Euro plunges as Spain’s debt downgraded

Saturday, May 29, 2010
By Paul Martin

Gráinne Gilmore
May 28, 2010

The euro plunged and US stock markets dived last night after Spain was stripped of its top-level credit rating by a leading rating agency over concerns about its economic growth.

In the latest blow to the eurozone, which is struggling to cope with the fallout from the Greek fiscal crisis, Fitch Ratings downgraded Spain’s sovereign credit rating — a measure of how easily it can meet the interest payment on its debt — by a notch from the top AAA rating to AA+.

Standard & Poor’s, another ratings agency, downgraded Spain’s rating for the second time to AA last month but Moody’s, the other leading agency, has maintained the rating at AAA.

Any downgrade in a sovereign credit rating will push up the interest that a country must pay on its debts. Brian Coulton, Fitch’s head of EMEA sovereign ratings, said that the process of cutting the country’s debt could slow economic growth.

Fitch queried Spain’s forecasts for economic growth, highlighting that the inflexibility of the labour market and the restructuring of regional and local savings banks could act as a drag on growth.

Investors were unnerved by the move, sending the Dow Jones industrial average of leading US shares plummeting by 122.3 points, or nearly 1.19 per cent. The Standard & Poor’s 500 index suffered its worst monthly decline since February 2009.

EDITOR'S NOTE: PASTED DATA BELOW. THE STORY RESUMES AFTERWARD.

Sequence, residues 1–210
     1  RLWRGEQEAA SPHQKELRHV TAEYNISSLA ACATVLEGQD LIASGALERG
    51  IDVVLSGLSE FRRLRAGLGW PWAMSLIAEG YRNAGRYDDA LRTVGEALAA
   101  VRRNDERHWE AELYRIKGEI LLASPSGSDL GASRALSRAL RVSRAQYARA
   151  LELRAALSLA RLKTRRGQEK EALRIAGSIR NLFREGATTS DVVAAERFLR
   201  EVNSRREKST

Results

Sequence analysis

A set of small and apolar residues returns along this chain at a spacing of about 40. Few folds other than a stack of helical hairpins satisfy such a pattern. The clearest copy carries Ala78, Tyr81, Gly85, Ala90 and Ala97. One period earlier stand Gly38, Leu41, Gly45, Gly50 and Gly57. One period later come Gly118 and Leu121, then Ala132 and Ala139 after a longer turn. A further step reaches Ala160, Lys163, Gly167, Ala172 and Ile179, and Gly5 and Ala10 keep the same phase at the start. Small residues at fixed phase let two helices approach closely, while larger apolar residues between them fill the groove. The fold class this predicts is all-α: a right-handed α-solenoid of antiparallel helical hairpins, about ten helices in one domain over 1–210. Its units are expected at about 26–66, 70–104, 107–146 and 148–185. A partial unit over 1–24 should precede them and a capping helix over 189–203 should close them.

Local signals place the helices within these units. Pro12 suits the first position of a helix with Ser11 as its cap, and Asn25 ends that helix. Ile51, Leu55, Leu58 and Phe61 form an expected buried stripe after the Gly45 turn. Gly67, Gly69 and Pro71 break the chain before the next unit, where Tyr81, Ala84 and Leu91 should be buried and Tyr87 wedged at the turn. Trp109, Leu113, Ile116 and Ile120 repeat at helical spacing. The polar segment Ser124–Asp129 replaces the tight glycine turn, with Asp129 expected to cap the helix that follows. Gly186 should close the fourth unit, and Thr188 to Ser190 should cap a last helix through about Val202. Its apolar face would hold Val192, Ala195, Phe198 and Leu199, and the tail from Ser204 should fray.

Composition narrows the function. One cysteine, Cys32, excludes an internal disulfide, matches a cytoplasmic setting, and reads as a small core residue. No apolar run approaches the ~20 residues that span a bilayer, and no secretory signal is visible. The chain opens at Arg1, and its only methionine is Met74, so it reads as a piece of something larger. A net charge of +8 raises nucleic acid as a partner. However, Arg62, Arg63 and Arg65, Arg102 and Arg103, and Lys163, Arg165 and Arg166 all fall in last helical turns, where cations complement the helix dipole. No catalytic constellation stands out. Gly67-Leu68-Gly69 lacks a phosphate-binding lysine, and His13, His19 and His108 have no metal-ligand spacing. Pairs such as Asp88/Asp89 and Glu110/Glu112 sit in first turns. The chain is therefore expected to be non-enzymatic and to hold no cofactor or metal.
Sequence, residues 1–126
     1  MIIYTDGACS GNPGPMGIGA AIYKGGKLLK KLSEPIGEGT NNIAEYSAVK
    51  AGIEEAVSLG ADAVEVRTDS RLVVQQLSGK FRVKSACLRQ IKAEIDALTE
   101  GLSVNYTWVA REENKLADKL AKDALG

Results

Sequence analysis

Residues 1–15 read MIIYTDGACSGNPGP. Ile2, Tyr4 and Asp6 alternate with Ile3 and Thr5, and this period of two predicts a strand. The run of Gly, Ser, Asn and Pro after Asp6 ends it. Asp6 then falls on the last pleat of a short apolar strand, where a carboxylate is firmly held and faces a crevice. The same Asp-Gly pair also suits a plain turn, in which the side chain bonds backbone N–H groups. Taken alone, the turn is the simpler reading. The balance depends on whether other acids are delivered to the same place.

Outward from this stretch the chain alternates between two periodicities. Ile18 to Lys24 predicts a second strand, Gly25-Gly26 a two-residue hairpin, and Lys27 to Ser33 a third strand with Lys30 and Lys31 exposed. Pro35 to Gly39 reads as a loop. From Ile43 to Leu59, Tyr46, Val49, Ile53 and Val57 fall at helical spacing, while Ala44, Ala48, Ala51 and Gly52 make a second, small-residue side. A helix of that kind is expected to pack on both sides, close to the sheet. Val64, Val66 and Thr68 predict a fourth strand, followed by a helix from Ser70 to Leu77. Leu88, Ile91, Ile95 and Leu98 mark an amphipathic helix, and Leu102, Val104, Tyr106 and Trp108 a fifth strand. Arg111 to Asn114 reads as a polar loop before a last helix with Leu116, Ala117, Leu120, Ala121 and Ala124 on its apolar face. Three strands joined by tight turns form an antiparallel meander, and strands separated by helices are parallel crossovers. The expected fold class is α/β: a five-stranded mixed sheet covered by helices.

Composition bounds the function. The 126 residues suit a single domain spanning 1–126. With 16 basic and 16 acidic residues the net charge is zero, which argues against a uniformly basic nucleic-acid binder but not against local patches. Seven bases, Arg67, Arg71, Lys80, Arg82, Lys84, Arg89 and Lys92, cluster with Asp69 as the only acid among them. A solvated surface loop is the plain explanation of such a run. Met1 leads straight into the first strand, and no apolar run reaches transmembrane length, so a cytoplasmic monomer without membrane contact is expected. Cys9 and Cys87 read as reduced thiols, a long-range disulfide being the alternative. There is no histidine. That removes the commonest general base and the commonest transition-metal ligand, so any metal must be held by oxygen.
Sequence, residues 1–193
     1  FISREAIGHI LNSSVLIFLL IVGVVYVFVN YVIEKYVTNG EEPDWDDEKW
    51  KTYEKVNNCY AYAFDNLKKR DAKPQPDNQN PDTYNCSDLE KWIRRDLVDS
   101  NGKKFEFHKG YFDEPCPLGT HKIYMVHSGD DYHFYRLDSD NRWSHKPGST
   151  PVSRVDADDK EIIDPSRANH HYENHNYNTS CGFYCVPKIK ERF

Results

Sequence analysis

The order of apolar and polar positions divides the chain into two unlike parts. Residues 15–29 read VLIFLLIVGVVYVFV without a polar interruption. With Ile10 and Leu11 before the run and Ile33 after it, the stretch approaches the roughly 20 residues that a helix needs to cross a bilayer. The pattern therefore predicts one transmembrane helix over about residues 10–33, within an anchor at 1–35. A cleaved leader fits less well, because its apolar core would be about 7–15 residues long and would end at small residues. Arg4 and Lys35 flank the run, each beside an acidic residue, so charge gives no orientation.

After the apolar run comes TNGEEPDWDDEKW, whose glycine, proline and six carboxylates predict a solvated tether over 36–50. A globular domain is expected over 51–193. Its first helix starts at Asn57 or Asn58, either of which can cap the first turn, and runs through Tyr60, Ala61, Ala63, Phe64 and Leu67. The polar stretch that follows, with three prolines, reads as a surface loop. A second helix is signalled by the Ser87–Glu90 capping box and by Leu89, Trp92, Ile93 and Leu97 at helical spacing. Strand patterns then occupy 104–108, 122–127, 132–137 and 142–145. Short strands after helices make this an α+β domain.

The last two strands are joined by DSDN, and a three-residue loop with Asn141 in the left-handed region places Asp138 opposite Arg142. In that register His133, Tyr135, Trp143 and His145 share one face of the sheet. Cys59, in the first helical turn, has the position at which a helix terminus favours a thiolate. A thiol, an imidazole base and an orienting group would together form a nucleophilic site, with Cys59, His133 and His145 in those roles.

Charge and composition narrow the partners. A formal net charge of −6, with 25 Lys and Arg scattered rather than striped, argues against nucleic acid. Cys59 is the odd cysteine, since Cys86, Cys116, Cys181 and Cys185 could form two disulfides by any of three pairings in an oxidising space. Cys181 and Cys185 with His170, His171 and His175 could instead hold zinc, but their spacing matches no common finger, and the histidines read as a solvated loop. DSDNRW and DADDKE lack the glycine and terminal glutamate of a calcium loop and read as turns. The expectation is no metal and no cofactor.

The euro slumped against the dollar after investors abandoned it in favour of the greenback, sliding to $1.2285. It also fell against the pound, dropping to 85.04p, down from 85.40p.

Analysts said that the full effect of Fitch’s announcement, which came after the European markets shut last night, would not be felt until Monday.

John Praveen, the chief investment strategist at Prudential International Investment Advisers, said: “The markets are reacting negatively. If Moody’s also downgrades Spanish debt then we will probably have a very negative reaction because Spain is considered much bigger than Greece.”

Spain’s debt was 40 per cent before the financial crisis in 2007. Britain’s national debt is 62.1 per cent of GDP.

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